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Not content to present gamers with a small card game (Famiglia) and another expansion for his masterpiece (Power Grid: Russia/Japan), designer Friedemann Friese will also release a new big box game through his 2F-Spiele at Spiel 2010: Fürstenfeld. Here's a game description from the publisher:
Anno 1516: As a young sovereign you are cultivating your small Fürstenfeld to supply goods to the local breweries. But you still miss your greatest dream: your personal palace. Your status will finally rise high enough to leave the vexed farming behind and to demand taxes from the surrounding rural population, so you can finally live in peace.
You harvest hops, barley, and spring water, and increase your wealth with a growing agriculture. Additional buildings help you to get the necessary funds for building your desired palace. There are only two problems:
* First, the demand for goods at the breweries is limited. The more goods the players produce, the faster the prices drop. * Second, the palace needs more and more space. The closer you are coming to finishing your dream palace, the smaller is your personal field for farming.
Fürstenfeld is a game with easy rules, which allow players to start playing immediately. Each time you are confronted with new challenges: When do you start to build your palace? Which goods do you produce? Which additional buildings are helping you the most? And when you finally master the base game, the expert game will already be waiting for you!
Henning Kröpke, who works with Friedemann to prepare games from 2F-Spiele, passed along this additional information about Fürstenfeld:
Looking at the structure of Fürstenfeld, this game is very simple: players harvest goods, sell them, and, afterwards, build houses and production spaces. The special part is the permanent necessity to replace earlier built houses by new ones. Near the end of the game, players must even give up farming to finish their palace.
The excitement of the game is to find the exact moment to start building the palaces. As players normally go through their card supplies about one-and-a-half times during a game, a player will have a good chance to win the game if he successfully manages the changing prices at the breweries to his greatest advantage. To successfully play Fürstenfeld, it helps if a player can remember the order he placed unused cards beneath his card supply. In this way, a clever player can plan future moves as he discards unused cards.
Hopefully you have a lot of fun with this challenging game.
Description written by W. Eric Martin and used with permission of BoardgameNews.com
Average Rating: 4.5 in 1 review
Fürstenfeld is a game designed by prolific green-haired designer Friedemann Friese, well known in the world of modern games for what is arguably his magnus opus, Power Grid. Furstenfeld is a newer game that first appeared at Essen 2010, and is now available in English from Rio Grande Games. To use the designer's own words, "This is a deck-building game but in a different kind of way." I personally consider it "deck-UNbuilding", because you start with a deck of 28 cards and slowly thin it as you buy and build various building cards from your deck onto your farm.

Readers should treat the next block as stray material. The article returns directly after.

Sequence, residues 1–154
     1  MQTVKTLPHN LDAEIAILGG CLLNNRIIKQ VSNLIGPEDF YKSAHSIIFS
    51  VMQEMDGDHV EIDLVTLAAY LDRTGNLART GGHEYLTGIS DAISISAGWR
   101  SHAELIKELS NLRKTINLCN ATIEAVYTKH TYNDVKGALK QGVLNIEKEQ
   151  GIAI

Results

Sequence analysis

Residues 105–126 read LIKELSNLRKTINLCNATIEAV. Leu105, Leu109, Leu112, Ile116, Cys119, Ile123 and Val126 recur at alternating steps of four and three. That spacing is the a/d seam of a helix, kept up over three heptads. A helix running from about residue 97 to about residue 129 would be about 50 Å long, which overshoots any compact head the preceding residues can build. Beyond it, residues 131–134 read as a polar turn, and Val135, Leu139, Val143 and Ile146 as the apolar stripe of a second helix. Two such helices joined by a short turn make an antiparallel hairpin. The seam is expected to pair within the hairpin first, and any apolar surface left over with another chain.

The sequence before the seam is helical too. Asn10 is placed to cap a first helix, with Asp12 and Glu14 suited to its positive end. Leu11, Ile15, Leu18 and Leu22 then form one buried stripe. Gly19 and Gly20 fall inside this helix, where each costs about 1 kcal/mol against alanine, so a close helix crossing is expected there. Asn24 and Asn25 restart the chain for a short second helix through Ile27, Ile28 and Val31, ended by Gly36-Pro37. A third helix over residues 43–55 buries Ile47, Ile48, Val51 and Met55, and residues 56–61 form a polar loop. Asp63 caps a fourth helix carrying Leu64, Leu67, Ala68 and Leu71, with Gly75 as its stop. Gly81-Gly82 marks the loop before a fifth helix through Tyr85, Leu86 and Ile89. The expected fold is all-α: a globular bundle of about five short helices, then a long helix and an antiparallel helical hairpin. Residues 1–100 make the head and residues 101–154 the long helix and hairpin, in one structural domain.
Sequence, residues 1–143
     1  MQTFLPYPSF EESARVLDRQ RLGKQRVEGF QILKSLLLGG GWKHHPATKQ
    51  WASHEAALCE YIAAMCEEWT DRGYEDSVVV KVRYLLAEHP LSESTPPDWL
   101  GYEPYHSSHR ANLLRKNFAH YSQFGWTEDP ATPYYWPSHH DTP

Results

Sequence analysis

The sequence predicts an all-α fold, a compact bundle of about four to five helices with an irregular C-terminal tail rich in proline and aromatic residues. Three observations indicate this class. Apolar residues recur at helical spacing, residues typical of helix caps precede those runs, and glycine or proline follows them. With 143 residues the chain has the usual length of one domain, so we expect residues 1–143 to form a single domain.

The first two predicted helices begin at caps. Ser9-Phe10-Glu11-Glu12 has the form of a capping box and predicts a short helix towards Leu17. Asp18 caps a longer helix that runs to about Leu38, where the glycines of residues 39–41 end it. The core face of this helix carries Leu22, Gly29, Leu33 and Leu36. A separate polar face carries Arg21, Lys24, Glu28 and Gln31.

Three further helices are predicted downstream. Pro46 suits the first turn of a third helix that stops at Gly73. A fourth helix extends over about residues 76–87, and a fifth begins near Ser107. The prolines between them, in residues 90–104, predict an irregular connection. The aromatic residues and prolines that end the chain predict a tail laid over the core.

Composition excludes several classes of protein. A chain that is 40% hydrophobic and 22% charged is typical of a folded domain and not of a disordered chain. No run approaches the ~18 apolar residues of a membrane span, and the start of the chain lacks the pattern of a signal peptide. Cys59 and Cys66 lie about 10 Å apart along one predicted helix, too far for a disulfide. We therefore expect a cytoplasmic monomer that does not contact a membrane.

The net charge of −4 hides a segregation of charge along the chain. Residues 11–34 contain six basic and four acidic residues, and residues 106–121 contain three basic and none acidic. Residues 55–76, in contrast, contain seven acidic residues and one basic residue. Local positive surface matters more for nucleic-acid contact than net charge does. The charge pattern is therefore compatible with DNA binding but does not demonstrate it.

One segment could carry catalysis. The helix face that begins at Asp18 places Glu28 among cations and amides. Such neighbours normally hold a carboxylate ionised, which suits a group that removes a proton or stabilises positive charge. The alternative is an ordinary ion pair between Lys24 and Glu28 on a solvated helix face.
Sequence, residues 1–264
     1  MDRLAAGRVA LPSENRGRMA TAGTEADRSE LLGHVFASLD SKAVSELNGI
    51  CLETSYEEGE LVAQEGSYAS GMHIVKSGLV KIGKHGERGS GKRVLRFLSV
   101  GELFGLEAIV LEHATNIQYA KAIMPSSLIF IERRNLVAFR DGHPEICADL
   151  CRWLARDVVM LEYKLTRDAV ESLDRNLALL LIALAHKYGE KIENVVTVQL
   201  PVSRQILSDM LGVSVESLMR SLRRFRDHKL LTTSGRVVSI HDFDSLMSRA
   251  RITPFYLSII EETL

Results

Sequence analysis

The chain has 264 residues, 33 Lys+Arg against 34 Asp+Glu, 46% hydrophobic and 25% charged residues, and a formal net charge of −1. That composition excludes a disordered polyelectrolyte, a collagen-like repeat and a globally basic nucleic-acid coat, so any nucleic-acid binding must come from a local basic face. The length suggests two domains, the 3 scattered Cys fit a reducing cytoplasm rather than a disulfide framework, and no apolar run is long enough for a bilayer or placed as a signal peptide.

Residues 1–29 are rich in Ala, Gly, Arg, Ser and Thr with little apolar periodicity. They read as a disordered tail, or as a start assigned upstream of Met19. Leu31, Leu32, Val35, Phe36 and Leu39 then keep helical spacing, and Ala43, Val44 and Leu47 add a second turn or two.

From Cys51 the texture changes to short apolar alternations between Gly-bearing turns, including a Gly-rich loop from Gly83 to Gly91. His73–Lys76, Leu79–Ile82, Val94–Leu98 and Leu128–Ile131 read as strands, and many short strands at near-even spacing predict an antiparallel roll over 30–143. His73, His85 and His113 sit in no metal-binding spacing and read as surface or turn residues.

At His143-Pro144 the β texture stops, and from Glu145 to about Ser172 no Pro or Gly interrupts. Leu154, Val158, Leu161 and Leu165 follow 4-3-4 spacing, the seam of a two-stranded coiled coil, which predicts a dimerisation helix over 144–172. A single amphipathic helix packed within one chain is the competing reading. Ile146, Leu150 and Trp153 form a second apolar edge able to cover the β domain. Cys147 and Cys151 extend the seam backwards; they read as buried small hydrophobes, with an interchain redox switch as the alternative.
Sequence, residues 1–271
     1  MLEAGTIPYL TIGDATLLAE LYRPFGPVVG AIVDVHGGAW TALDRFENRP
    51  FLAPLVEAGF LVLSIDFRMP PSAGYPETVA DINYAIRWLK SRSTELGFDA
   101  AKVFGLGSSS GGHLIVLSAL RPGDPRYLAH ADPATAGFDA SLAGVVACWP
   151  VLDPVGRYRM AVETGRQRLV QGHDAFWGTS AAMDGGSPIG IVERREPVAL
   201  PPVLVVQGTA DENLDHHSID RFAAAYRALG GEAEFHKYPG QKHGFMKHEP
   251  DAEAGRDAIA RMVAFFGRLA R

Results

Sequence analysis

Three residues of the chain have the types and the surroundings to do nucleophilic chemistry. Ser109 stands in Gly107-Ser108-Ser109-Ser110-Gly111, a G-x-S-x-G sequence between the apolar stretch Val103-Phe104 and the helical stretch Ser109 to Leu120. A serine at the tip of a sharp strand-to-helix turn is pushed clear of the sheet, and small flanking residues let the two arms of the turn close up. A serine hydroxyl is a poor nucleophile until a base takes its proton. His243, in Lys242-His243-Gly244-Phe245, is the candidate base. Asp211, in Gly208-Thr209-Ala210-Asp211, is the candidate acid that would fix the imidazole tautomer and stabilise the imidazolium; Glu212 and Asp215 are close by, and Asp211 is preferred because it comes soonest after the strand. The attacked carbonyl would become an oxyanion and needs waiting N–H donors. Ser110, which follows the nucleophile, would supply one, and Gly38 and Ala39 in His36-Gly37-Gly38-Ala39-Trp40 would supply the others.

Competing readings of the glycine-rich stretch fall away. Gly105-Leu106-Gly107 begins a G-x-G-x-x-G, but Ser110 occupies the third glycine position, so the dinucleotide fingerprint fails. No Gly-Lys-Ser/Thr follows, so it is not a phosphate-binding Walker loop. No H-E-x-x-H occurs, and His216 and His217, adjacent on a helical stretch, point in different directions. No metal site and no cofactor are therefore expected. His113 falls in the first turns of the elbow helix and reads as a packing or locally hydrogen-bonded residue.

The brewery theme isn't the deepest, but I like it because it's somewhat non-conformist. Players manage a farm which supplies ingredients (spring water, barley, and hops) to local breweries, which in turn will earn players the finances to better develop their landholdings and eventually build a palace. The aim is to generate enough income to buy and build the six Palace cards (akin to the Province VPs in Dominion) from your deck, and the first player to do so wins the game. But in addition to the requirement of careful hand management and deck management, the real appeal for me was the interactive and clever market system that drives the financial aspect of the game - prices for goods vary depending on supply and demand.
It's not a deep or heavy economic game by any means, but for something that plays in 45-60 minutes, it offers a considerable dose of fun. Particularly with the advanced game (which is how Friese designed the game to be played), there are more decisions and more control than meets the eye. The game has suffered somewhat of a bad rap from people dismissing it too quickly as depending on luck-of-the-draw after only playing the introductory and beginner form of the game - which was intended only as a temporary stepping stone to the `real' game. Managing the cards requires careful decision making and planning, and the market system requires you to capitalize on the possibilities offered by interaction with the other plays. A very fun and recommended game from Mr Friese!